Street Fighting Man
The Rolling Stones (1968)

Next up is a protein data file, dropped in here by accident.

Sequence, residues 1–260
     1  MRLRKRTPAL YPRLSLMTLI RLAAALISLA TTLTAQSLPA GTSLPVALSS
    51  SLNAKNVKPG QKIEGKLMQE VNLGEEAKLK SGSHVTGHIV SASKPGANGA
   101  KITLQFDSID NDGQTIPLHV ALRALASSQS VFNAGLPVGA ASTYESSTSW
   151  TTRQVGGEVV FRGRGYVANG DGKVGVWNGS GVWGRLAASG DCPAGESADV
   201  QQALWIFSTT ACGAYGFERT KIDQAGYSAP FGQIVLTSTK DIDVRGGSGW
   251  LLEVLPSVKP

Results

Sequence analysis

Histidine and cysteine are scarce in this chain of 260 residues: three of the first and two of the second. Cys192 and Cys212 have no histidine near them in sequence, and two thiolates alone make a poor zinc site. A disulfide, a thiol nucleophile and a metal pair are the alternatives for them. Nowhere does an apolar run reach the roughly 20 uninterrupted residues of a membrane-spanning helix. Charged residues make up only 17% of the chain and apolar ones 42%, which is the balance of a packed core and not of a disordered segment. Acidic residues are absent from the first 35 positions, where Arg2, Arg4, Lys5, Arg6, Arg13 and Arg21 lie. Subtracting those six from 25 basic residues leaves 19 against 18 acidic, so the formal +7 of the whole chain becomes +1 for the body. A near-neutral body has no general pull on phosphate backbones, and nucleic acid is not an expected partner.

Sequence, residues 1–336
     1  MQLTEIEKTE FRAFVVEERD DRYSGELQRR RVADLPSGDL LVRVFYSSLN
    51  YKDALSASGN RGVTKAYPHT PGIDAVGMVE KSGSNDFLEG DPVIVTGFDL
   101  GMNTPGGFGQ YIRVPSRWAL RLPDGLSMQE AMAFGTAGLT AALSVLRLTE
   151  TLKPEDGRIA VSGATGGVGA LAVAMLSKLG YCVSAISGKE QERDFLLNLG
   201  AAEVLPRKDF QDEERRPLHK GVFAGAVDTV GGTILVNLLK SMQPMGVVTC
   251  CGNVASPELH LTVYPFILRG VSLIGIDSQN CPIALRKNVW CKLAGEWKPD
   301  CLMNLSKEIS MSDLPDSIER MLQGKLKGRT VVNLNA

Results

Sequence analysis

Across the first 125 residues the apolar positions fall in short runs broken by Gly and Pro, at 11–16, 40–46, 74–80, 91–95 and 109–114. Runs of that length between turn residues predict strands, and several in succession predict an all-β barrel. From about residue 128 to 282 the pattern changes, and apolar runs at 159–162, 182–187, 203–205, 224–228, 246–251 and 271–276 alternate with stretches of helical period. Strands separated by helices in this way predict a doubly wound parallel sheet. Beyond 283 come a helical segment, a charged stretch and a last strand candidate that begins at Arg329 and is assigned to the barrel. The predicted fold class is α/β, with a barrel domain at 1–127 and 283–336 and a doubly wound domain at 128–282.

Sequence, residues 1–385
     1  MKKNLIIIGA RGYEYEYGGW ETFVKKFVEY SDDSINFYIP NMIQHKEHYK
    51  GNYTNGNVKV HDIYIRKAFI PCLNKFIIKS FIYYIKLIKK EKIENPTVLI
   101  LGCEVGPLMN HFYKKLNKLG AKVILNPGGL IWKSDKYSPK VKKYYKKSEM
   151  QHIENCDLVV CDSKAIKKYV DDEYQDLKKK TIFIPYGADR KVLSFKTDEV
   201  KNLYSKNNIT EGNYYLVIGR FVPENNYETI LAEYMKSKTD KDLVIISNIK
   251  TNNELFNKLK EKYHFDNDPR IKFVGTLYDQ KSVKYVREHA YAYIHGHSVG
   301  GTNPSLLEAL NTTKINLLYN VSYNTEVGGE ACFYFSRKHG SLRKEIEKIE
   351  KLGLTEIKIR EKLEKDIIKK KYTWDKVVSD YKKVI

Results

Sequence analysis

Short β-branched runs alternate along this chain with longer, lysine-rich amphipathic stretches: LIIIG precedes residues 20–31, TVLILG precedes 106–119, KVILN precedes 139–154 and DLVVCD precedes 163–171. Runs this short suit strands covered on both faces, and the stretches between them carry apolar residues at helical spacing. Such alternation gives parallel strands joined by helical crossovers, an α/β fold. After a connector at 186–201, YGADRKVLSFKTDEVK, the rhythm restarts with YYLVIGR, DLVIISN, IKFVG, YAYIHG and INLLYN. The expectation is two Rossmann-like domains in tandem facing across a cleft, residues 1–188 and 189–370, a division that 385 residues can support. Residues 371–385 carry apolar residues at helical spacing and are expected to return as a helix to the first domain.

Intoxicated by the air of revolution blowing over from the Paris student protests and having shown his face at the earlier anti-Vietnam demonstration in London’s Grosvenor Square, Mick Jagger cast himself as the narrowhipped harbinger of violent uprising, bemoaning “sleepy London town” for not being sufficiently insurrectionary as the clash and rattle of the Stones’ backing reverberated with the sound of “marching, charging feet.” Street Fighting Man was seized upon as a clarion call for the genuine revolutionary fervour boiling over in 1968, with socialist newspaper Black Dwarf comparing the lyrics to Engels, US radio stations banning it and Decca initially refusing to release it. “It’s stupid to think you could start a revolution with a record,” sniffed the singer, nervously back-peddling away from his position as the Che Guevara of pop. Perhaps not, but few have written a better soundtrack to one.